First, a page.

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Getting into early-stage tech as a lawyer

I recently moderated a panel at General Assembly for lawyers interested in making a career transition into tech. It was a solid lineup: Veronica Picciafuoco, Content Manager at Docracy, Ben Rossen, co-founder of Smallknot, and Isaac Tilton, founder of Legalshare.

Whereas the last panel I participated in focused on legal roles at mature companies — the other panelists were the general counsels of Etsy, Foursquare and Meetup — this one explored working at early stage companies.

Lawyers ask me all the time about how to get into tech, and my main advice to them is to understand that there is no set path. This is especially true with early stage companies. Very few need a full-time lawyer. For most, legal is at best an afterthought, and at worst just an obstacle in the way of getting business done.

As a lawyer looking to move into tech, you need to emphasize your transferable skills. These could include your analytical and negotiating aptitude, client relations experience, writing ability, attention to detail and relevant domain expertise. These skills have real value even though you didn’t acquire them working in startups.

One of the best ways to understand how you can be useful at a startup is to talk to early stage companies about their pain points and needs, and not in a strictly legal sense. At first, you may even need to offer up your time and help for free. It’ll be a worthwhile investment in making yourself a more attractive candidate for what every startup is ultimately looking for: a problem solver. 



One of our favorite books here at Shake is Richard Wydick’s Plain English for Lawyers.

Wydick writes disapprovingly about lawyers’ attachment to redundant phrases like “null and void” and “true and correct.” Some other examples of the coupled-synonym variety of redundancy: alter or…

3 tips for writing short (and effective) emails

Rule of Thumb: keep it short.

Given what a huge part of our lives email is, both at and outside of work, it’s amazing how bad most of us are at it. You can find some good guidelines to help avoid common mistakes. But by far the most important thing you can do, in a world where we’re all ridiculously busy, is to keep your work emails short.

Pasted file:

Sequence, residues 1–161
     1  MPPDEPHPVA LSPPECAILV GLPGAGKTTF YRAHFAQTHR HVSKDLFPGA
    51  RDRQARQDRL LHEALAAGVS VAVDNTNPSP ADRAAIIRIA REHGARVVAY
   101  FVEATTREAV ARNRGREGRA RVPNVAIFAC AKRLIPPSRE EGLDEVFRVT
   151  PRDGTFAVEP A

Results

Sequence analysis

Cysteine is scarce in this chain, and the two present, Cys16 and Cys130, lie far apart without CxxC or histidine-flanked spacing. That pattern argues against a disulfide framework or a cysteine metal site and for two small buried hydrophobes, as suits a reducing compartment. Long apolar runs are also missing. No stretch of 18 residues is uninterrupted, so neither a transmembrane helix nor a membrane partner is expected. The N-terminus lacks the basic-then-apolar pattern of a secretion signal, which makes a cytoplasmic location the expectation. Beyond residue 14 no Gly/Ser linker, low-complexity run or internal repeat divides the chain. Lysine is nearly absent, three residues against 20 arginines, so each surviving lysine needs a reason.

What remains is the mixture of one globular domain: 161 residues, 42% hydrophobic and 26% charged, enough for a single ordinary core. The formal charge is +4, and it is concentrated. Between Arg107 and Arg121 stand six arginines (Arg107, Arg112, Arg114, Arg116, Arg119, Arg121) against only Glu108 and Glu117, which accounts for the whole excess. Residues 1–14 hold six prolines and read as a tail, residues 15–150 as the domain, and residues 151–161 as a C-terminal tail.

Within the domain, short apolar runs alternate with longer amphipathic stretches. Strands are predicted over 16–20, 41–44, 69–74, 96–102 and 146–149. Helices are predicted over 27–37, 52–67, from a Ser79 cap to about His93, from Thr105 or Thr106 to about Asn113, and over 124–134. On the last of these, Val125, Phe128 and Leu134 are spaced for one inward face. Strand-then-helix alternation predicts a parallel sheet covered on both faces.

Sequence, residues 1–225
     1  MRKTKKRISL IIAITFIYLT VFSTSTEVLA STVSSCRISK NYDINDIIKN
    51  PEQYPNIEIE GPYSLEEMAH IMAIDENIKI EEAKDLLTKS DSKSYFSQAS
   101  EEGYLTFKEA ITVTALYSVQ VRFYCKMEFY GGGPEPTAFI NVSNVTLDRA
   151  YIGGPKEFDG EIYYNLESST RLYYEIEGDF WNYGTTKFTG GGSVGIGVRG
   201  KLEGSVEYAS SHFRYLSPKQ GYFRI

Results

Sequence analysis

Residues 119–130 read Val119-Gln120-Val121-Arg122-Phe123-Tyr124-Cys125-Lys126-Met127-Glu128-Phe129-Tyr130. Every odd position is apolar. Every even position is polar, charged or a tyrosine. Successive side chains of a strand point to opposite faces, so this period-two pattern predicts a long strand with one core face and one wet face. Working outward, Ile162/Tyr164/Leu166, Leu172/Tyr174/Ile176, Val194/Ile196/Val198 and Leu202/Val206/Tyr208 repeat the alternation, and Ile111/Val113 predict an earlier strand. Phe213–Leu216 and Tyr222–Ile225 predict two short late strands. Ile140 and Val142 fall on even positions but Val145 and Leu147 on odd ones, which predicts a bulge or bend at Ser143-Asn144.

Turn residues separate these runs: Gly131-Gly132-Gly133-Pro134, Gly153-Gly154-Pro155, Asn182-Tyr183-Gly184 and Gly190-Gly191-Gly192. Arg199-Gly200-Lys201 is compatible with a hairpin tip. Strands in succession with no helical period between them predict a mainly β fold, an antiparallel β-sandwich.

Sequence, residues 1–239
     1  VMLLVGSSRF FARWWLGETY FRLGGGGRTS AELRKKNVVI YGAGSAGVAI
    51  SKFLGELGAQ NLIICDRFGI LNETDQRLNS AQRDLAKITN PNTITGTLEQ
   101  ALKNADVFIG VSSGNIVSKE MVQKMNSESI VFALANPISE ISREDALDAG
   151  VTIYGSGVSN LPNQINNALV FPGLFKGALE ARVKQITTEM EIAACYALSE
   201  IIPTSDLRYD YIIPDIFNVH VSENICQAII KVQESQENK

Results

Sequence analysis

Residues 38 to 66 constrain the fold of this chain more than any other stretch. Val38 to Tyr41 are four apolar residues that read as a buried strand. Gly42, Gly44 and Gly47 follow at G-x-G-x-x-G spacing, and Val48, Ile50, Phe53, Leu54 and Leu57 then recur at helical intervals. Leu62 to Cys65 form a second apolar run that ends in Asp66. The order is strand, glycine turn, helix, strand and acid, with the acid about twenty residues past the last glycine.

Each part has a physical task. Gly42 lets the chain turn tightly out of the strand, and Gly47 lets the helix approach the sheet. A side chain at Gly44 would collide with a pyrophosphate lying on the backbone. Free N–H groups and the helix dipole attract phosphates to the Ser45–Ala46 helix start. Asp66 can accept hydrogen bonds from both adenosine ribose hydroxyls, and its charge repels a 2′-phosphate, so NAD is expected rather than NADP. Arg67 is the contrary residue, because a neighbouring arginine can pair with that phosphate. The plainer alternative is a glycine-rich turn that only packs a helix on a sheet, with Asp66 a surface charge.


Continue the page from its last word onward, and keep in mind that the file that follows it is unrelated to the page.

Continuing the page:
If you can’t say it in 3-4 sentences or less, email is probably the wrong medium. Call instead. (There are a few exceptions, like when you’re trying to memorialize a conversation, or when calling isn’t an option for whatever reason).  Otherwise, you should take the time to cut your message down to size. Not only will your recipient appreciate it, but it’ll also force you to clarify the point of your communication.

So how do you control email verbosity? Here are 3 tips that help me:

1. Think before you write. What’s the next action you want the recipient to take? If you can answer this question before you start typing, you’re 90% of the way to a crisp, concise email.

2. Say the same thing with fewer words. In journalism school, I had a professor who gave me a gift I’ll appreciate the rest of my life. Everything I submitted to him, he would rewrite using fewer words. And for every word he could cut from my copy without changing the meaning, he would dock me half a point.

Try this with your own writing. The results will amaze. When you cut the words that do no work, the rest have that much more impact. As a result, your writing isn’t just shorter, it’s also more powerful and effective.

3. Use shorter (and simpler) words. Don’t use fancy words when simple ones will do. Don’t say “however” when you can say “but,” or “superfluous” when “extra” will work.

Look, I love the richness and variety of the English language as much as anybody. But most of the time, when somebody uses a longer word, it’s not to convey nuance — it’s to sound smart or official. But all it really does is make the reader work harder for the same payoff. 

So what do you think? How do you keep your emails short?

Steve Jobs on hiring at Apple, 1980

"We certainly don’t attract people on the basis of salary. We attract people on the basis of an opportunity to get something done right and kick it out the door without it getting all screwed up. And an opportunity to work with professionals who are as good as you are in other disciplines. So, what we’re going to judge ourselves by – the senior management of Apple is going to judge itself by – is, can you maintain this atmosphere of creativity, of tremendous productivity? A company where it’s fine to fall on your face as long as you pick yourself up pretty fast. And an environment where we give people enough rope to hang themselves by and hope that they don’t. If we can maintain that, for the next 10 years and beyond, we will have been successful. And the rest of the stuff will take care of itself."


You’re already naked

“Remembering that I’ll be dead soon is the most important tool I’ve ever encountered to help me make the big choices in life. Because almost everything — all external expectations, all pride, all fear of embarrassment or failure — these things just fall away in the face of death, leaving only what is truly important. Remembering that you are going to die is the best way I know to avoid the trap of thinking you have something to lose… You are already naked. There is no reason not to follow your heart.”

- Steve Jobs, Stanford commencement speech, June 2005